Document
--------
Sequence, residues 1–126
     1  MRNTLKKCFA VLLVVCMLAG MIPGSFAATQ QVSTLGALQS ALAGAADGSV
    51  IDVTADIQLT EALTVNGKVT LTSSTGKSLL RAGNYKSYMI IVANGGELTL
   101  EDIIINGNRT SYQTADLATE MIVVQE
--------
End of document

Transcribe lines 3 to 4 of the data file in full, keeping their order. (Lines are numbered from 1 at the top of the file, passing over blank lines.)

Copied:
    51  IDVTADIQLT EALTVNGKVT LTSSTGKSLL RAGNYKSYMI IVANGGELTL
   101  EDIIINGNRT SYQTADLATE MIVVQE